Empowering Girls in Mumbai and Delhi – on Safety and Storytelling


By Maya Bhardwaj

What happens when you get together a room of 35 giggly, enthusiastic, only Marathi-speaking teenage girls? Our Haiyya trainers recently found out.

Varsha Bansode, a past Haiyya Fellow on our first Public Safety campaign in Mumbai, is also an employee at the Akshara Centre in Mumbai, fighting for women’s rights. Akshara has been a partner with Haiyya in the past, as we have iterated together on our shared work around women’s safety and women’s rights, and use a similar framework of community organizing to develop leaders – in Akshara’s case, mostly women from lower socio-economic backgrounds – who champion causes in their communities.

Akshara is currently running a program called the Empowering Girls Project, where girls from low socio-economic backgrounds with learn the financial, educational, and life skills to graduate from higher education and navigate life as a self-sufficient woman. When we talked to Varsha about how she came to Haiyya and Akshara, she told us that she herself was no stranger to the struggles the girls from the Empowering Girls Project felt in charting their own course. Recounting her story, she said, “while my parents wanted me to take up nursing courses, I never wanted to pursue my career in it and I didn’t feel the inspiration or encouragement from my parents that I needed. I wanted to do something by which I could earn my own freedom. That led me to Akshara – and later, to Haiyya.”

Remembering the skills in leadership, teamwork, and communication she built as a Haiyya Fellow, Varsha decided to reach out to Haiyya to ask them to run a training for the Empowering Girls Project on working in teams. As Varsha described, “Haiyya helped me understand my individual power to develop my role in the community. Without understanding of community issues, we cannot work for community development or growth.” When our Organizer and Trainer Natasha heard about the opportunity, she knew it was a perfect one. “I was really excited to bring what I’ve learned from Haiyya about building leaders in our community through action to these girls, who have probably never thought about teamwork as a core component of leadership before. How could I say no?”

So on a Saturday morning, Natasha headed over to Akshara’s office in Elphinstone Road, armed with chart paper, markers, and handouts. Natasha planned to focus on working with the girls on communications skills and how to use their own stories to motivate others, how to build strong relationships and strong teams, and how to manage groups effectively. While the girls were initially shy, as Natasha worked with them, “they began to get really into telling their stories and using communications norms. They were all snapping for each other to show that they liked the stories, and they even started holding up their hands when someone was talking too quickly in Marathi!”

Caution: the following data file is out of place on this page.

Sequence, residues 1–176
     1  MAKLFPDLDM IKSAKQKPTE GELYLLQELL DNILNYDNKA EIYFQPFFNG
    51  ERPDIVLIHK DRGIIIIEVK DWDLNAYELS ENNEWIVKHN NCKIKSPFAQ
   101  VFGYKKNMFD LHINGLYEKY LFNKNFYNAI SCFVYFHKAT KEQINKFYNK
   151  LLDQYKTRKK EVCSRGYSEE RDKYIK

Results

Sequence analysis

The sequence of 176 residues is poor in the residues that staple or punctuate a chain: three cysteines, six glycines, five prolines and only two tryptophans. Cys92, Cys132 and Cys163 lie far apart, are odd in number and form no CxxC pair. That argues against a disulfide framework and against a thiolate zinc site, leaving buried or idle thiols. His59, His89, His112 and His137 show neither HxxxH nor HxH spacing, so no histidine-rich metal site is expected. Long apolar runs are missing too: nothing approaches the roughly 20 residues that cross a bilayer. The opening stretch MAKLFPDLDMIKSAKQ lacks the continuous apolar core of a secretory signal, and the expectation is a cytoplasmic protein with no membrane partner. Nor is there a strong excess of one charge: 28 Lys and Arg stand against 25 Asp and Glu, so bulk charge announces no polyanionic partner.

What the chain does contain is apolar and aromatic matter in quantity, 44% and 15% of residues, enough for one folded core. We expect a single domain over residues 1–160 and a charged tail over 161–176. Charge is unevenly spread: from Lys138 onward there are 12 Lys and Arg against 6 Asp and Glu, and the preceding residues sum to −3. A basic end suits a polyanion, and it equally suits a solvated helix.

After many games of roleplaying and developing effective questions to bring people into an organization, it was time to say goodbye. As Natasha conducted the evaluation, the girls all mentioned that they loved the energy of the training – and that they now felt much more confident to use their own reflections and experiences to facilitate teamwork. As Natasha recounted her own pluses, deltas, and learnings in Haiyya’s format of evaluation, she told the girls about our upcoming work in Delhi on public safety – where women will be learning skills like we taught in the Empowering Girls training to build community teams fighting for safer public spaces for women. As soon as the Akshara girls found out, they wanted to get involved!

For us at Haiyya, this was an illustration of the power of really listening to the people with whom we work. Anyone can learn the skills it takes to make Delhi safer, or make Mumbai cleaner – we just have to listen deeply to what they want to learn and find out what motivates us, together. Right now, our organizers for Women’s Safety in Delhi are building relationships and growing strong teams – just like the girls at Akshara – by listening deeply to the issues that these citizens have, and figuring out how they enable each other to make a difference. And just like Natasha figured out how to motivate our friends at Akshara, our Delhi team is figuring out what works best to fight for what’s right, and training their teams on how to use these tactics as well. Whether we hear hope, or anger, or determination from our supporters, we have to remember to remain committed and enthusiastic about our work and to use our own stories not to be heard, but to listen to the stories of others.

Think you want to go through a training with Haiyya in Mumbai, or want to get involved in the early stages of our Women’s Safety campaign in Delhi? Head to www.haiyya.in to find out how. And stay tuned for more updates!


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